Environmental(ists') Footprint

Wednesday, February 08, 2017

"A cultural movement often produces caricatures of itself that emphasize its essence." Writing this over forty years ago, Ayn Rand immediately provided a memorable example:

The hippies are one such caricature. These ecological crusaders -- who would pollute any stream by stepping into it -- are the physical embodiments of the spirit of today's culture. Much more can be said about their motives, but for the moment observe the intention of the physical appearance they choose to assume. The purpose of flaunting deliberate ugliness and bodily dirt is to offend others (while simultaneously playing for pity) -- to defy, to affront, to bait those who hold values, any values. [bold added] (The New Left: The Anti-Industrial Revolution, p. 147)
A news item about an effort to clean up a mess left by followers of the environmental movement reminded me of this very quote this morning. Apparently, a camp site for anti-pipeline protesters -- run by an outfit that calls itself "Water Protectors" -- has created such a huge mound of refuse that it must be removed before the spring thaw. Otherwise, a festering mess that may include human bodies will likely pollute the Cannonball River and the Lake Oahe reservoir.

Too many will stop at calling this hypocrisy, but the real crime is that these protesters oppose industrialization and the numerous benefits it brings to mankind.

-- CAV


Dinwar said...

It's far worse than just that. "Renewable" energy generating plants are necessarily huge compared to oil and coal plants, even if you consider the mines/wells in the footprint of fossil fuel plants. Extraction wells are very small--the Los Angeles area has thousands hidden within a metropolitan area and people don't even notice. In contrast, solar power plants like the Ivanpah solar power plant cover square MILES of territory. Wind farms are even worse, and require tremendous re-structuring of the landscape in addition to all the above. Then you have to factor in the hazardous chemicals used to manufacture the equipment for "renewables", most of which occurs in third-world countries without environmental regulations (environmentalism is a luxury).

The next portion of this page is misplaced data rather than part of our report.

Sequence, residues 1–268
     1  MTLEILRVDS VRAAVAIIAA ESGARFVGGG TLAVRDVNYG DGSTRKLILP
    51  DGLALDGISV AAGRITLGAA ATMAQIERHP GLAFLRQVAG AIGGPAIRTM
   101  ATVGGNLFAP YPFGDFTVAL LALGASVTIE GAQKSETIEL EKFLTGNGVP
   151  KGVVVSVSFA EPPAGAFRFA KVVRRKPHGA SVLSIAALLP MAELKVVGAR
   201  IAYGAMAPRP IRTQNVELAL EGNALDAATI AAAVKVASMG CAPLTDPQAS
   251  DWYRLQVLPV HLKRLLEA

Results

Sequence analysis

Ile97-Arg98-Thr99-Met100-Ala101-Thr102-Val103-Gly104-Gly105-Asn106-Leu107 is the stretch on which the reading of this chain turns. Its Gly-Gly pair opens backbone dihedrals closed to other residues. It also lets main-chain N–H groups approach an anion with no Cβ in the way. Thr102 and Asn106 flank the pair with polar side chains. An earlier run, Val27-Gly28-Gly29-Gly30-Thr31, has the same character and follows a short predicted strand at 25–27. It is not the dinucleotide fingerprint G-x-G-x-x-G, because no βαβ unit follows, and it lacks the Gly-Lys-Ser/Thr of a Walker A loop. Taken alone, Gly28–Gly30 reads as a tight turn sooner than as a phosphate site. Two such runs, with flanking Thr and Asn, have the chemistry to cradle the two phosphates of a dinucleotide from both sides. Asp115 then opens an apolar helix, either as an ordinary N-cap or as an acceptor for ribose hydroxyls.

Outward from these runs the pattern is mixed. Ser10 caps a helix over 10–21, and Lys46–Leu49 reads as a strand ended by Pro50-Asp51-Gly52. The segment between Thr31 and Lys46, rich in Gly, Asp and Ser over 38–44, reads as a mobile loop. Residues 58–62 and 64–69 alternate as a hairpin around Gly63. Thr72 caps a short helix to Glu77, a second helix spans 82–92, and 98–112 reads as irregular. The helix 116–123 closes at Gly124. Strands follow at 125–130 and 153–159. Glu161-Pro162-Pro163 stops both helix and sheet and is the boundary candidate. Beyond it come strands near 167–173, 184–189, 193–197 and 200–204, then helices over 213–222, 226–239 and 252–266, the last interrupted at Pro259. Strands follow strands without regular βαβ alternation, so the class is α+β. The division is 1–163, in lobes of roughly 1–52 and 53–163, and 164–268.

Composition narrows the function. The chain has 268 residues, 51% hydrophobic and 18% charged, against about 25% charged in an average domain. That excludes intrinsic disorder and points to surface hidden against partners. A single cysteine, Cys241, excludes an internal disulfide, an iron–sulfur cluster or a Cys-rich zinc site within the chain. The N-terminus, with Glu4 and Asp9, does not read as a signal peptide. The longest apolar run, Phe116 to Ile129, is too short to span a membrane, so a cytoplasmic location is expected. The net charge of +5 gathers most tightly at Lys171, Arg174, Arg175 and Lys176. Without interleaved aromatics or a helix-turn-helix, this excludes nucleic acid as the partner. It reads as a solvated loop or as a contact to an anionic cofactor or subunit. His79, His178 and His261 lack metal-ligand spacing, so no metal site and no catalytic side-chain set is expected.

I recall an environmental studies class in college. We were discussing wind energy, and I asked how much pollution an average wind turbine involves. The response was that they produced NO pollution--and it took me about half an hour to convince the class (INCLUDING THE PROFESSOR) that these things don't spring out of the ground fully-formed. They need to be researched, developed, manufactured, transported, constructed, decommissioned, etc. None of them considered this. What makes this even worse is that we had just completed discussing all of these issues with coal and oil power generation. It's pure willful blindness.

That's without getting into the issues with the EPA, the endangered species policies ("Shoot, Shovel, and Shut Up"), required inefficiencies in manufacturing, transportation, and disposal, and all the rest....

Gus Van Horn said...


Your comment reminds me of something I should have emphasized: the standard of value. My use of the term "footprint" may seem to endorse the popular view that the environment is intrinsically good. I'll take the opportunity to note (for other readers) that my alarm at this case is primarily at the potential for harm to other people (including to their property) that this pollution can cause, and state for the record that the current solution of government remediation ought to be replaced by a much stronger private property regime.